mayor

[mey-er, mair]
noun
1.
the chief executive official, usually elected, of a city, village, or town.
2.
the chief magistrate of a city or borough.

Origin:
1250–1300; < Medieval Latin major major; replacing Middle English mer, mair < Old French maire

mayoral, adjective
mayorship, noun

mare, mayor.
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World English Dictionary
mayor (mɛə)
 
n
Scottish equivalent: provost the chairman and civic head of a municipal corporation in many countries
 
[C13: from Old French maire, from Latin maior greater. See major]
 
'mayoral
 
adj
 
'mayorship
 
n

Collins English Dictionary - Complete & Unabridged 10th Edition
2009 © William Collins Sons & Co. Ltd. 1979, 1986 © HarperCollins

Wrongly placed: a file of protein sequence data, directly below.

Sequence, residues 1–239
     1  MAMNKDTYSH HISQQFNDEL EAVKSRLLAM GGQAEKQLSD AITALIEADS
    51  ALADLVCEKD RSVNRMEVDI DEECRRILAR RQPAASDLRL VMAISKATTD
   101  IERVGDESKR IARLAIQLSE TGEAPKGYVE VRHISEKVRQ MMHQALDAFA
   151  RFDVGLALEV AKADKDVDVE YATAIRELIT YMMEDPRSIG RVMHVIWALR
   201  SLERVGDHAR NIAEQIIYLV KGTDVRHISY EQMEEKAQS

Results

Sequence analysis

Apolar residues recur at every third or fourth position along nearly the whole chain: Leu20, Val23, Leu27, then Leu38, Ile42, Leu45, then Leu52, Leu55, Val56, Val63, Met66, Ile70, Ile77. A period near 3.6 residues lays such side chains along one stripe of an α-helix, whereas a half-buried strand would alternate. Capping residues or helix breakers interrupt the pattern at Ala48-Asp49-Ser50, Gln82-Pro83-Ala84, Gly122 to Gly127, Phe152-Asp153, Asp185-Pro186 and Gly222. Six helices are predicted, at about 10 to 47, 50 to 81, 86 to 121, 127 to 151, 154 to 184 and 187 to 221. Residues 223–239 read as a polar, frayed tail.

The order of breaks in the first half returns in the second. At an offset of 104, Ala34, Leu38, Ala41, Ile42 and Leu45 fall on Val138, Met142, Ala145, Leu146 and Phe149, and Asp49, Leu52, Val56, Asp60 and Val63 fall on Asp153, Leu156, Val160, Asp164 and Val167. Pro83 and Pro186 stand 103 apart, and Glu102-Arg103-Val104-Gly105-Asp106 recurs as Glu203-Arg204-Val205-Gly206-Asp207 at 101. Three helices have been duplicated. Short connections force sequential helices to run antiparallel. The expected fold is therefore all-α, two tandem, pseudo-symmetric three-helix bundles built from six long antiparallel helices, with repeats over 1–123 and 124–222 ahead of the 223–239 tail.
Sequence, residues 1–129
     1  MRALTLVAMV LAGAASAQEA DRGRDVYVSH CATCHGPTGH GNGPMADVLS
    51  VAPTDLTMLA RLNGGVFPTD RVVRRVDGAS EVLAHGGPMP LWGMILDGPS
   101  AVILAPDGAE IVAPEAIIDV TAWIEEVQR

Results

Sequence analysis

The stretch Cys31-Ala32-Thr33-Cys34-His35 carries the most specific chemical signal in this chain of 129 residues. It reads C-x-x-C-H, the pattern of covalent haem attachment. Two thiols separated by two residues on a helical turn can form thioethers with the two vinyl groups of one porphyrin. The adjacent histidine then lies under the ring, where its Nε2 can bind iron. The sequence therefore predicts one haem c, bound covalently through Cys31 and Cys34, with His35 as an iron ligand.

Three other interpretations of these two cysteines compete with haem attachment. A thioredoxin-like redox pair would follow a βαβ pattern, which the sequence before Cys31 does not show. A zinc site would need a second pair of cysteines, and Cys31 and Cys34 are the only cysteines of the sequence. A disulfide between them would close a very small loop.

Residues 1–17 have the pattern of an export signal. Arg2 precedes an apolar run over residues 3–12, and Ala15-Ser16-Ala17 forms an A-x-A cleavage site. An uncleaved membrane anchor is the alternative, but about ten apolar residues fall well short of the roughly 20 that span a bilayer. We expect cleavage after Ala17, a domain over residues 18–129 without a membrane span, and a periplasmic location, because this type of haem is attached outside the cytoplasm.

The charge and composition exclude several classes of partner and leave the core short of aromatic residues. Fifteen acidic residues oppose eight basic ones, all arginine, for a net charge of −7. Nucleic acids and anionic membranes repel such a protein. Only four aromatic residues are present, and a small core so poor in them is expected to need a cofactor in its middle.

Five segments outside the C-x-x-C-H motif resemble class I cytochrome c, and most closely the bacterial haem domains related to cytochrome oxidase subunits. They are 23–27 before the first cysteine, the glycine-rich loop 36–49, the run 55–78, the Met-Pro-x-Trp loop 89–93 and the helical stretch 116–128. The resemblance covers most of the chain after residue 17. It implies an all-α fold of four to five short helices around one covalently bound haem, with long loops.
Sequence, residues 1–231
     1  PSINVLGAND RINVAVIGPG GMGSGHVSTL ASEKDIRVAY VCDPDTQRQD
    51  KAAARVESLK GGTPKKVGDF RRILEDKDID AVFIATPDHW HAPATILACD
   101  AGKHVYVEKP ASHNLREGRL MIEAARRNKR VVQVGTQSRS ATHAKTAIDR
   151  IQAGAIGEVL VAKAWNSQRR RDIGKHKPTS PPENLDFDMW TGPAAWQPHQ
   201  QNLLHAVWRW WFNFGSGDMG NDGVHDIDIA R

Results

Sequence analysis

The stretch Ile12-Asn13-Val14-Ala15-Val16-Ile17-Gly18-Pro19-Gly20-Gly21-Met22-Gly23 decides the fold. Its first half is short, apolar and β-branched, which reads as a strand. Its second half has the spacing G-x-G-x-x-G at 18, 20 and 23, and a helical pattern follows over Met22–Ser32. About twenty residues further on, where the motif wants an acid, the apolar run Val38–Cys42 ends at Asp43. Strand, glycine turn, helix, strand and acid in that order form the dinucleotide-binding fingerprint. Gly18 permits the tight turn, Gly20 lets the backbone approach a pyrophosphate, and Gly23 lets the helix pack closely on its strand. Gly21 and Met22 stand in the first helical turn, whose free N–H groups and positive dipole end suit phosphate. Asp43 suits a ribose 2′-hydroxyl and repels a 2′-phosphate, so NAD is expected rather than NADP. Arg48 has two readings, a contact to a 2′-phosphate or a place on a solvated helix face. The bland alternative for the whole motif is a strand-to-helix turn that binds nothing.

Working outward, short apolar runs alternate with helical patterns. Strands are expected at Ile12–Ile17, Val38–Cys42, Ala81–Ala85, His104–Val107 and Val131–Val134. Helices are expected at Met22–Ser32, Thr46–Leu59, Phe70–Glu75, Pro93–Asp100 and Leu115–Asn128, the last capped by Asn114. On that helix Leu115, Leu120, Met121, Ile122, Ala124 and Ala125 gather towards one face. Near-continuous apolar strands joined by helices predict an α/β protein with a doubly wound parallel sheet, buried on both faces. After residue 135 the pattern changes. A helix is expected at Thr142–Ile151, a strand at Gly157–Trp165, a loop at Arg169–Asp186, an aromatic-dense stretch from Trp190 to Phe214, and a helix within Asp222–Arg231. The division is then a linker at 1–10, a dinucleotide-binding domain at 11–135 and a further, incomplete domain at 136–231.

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Etymonline
Word Origin & History

mayor
c.1300, from O.Fr. maire "head of a city or town government" (13c.), originally "greater, superior" (adj.), from L. maior, major, comp. of magnus "great" (see magnum).
Online Etymology Dictionary, © 2010 Douglas Harper
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Example sentences
And today they received the grateful thanks of the modern city's mayor.
The mayor of the tidy nearby town brought out souvenir bottles of schnapps.
Oh, and to make it work, you need a mayor who isn't elected.
For weeks now, the two major candidates for mayor here have been offering
  competing portrayals of themselves as reformers.
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